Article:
Linking Culture and Risk - Insights from the Strategic Culture Framework

July 19, 2018 Caterina Bulgarella, Culture and Ethics Architect, Independent Influencer

 

 

Whether it's about price gouging, corruption, fixing the books, or sexual harassment, the costs of a toxic culture are always steep. Companies' reputations are at risk, executive careers could go down in flame and shame, and the narratives around business are becoming more opaque with each new story of corporate misconduct becoming public. 

One scandal after another, the evidence is mounting: when culture goes bad, the whole system suffers from a giant blind spot.

Today's leaders can neither just assume that they are immune to the consequences of a toxic culture, nor can they think that these risks are not theirs. The odds of becoming the next Wells Fargo, Volkswagen, or Miramax are scarily increasing for all institutions. In fact, it is becoming impossible to effectively manage an organization without the right culture frames and tools.

This is why SAI Global introduced the Strategic Culture Framework (SCF), a strategic tool that allows organizations to assess and manage ethical risk. The SCF highlights the two culture coordinates that produce the highest level of risk in an organization. These are the delegation of ethical dilemmas, which is how and whether the organization introduces conflicting priorities that force people to face up to difficult ethical tradeoffs, and ethical capacity.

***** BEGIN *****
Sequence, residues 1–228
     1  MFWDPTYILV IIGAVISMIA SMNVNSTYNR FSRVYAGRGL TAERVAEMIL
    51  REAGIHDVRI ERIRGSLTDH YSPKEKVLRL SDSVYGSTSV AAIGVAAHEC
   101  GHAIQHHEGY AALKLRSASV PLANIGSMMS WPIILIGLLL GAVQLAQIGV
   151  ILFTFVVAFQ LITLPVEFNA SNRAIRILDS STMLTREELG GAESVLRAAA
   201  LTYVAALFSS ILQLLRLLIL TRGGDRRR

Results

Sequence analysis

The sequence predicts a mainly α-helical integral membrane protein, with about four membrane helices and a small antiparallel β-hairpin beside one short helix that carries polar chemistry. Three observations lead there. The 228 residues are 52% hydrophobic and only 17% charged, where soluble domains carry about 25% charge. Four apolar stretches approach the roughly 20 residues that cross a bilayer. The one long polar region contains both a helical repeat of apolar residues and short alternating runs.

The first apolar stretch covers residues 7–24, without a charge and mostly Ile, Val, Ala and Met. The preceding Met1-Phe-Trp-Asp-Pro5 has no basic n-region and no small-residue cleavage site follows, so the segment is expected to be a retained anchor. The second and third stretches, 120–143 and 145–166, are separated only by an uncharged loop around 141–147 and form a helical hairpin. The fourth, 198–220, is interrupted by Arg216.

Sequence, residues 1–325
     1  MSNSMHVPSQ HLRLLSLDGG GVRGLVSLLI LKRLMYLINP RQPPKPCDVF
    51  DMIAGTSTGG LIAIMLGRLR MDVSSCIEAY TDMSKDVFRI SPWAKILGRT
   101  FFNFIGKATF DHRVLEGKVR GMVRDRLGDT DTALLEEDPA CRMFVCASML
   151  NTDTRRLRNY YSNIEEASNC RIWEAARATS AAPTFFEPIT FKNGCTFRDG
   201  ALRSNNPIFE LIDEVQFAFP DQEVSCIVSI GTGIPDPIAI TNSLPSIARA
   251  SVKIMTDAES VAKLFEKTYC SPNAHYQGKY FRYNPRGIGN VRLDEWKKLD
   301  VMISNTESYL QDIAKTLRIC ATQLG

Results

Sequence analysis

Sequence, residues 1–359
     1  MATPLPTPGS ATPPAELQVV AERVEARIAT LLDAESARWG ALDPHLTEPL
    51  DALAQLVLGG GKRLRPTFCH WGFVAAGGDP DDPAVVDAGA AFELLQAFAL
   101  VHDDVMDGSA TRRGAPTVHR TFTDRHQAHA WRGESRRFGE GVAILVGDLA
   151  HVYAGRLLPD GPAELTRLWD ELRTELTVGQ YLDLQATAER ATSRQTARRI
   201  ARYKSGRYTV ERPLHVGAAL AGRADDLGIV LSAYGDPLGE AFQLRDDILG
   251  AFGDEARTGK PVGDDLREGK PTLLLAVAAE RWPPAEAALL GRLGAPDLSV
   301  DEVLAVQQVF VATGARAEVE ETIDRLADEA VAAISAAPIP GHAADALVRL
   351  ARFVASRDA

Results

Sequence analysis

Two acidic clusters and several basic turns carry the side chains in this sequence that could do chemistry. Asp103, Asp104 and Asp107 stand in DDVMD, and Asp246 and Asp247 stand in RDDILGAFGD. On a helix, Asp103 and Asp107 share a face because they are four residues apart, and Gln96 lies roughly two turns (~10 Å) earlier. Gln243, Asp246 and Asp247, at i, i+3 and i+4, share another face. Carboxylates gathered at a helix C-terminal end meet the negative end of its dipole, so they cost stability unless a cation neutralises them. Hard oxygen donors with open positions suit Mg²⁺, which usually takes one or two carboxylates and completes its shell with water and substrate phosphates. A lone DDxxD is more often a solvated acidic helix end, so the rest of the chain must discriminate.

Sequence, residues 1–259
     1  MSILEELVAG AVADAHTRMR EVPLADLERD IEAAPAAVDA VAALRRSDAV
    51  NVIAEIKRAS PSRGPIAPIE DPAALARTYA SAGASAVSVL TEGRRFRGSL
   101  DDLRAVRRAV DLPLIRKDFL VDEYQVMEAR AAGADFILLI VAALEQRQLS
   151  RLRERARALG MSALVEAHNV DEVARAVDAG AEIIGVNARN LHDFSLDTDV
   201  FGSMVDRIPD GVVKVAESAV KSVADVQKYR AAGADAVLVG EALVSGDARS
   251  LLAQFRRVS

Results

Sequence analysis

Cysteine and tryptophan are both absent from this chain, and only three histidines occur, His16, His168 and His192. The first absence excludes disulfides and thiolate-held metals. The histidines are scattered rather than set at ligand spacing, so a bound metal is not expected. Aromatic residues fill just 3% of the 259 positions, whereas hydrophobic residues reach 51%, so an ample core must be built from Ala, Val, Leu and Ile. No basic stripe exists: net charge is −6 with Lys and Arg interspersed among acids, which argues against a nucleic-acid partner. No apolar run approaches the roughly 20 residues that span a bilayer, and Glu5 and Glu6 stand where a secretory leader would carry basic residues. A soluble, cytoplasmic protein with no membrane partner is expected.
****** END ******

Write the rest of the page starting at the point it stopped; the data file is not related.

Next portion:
In the companion post to this topic, I reviewed the link between business and ethics, and how the link seemingly deteriorated over time. 

To better understand how the framework helps assess and manage ethical risk, let's consider a real case study: the Deepwater Horizon debacle in 2010 and BP's culture leading to it.

We know that prior to the disaster in the Gulf of Mexico, there was a marked gap between BP's touted values and what the organization actually valued, namely aggressive growth and risk-taking. BP was winning sustainability awards and checking all the boxes in terms of creating the right internal governance structures, but its culture fueled ethical dilemmas. Committees, not business leaders, were put in charge of ethics; people worked under pressure, including pressure to comply, affecting their ability to engage in sound reasoning.

Though some key stakeholders spoke out, senior leadership exercised their influence in a way that drowned discordant feedback. If evaluated in the abstract, BP's exposure to risk was considerable. That risk was untenable if looked at in the context of what the Deepwater Horizon's stakes truly entailed. But in the absence of frames and tools that could help look at the pattern of events taking place in more strategic terms, BP misread all the key warning signs.

We know how the story ended: 11 deaths, a host of harmful environmental consequences for the Gulf of Mexico and a $65 billion price tag for BP. 

BP would have scored low on the two SCF's culture axes, showing dangerous flaws consistent with a profile of systemic risk. To be clear, the two culture dimensions highlighted in the framework, Delegation of Ethical Dilemmas and Ethical Capacity, are both critical to understand the intensity and type of risk an organization faces. The more dilemmas in the organization, the more pressure people are likely to face, translating to higher ethical risk. Moreover, the types of dilemmas internal stakeholders must routinely address (around safety, innovation, and process) shed light on the nature of the risk and how it may play out. 

 

The level of Ethical Capacity in an organization is indicative of whether or not the risk ensuing from conflicting priorities will lead to a bad outcome.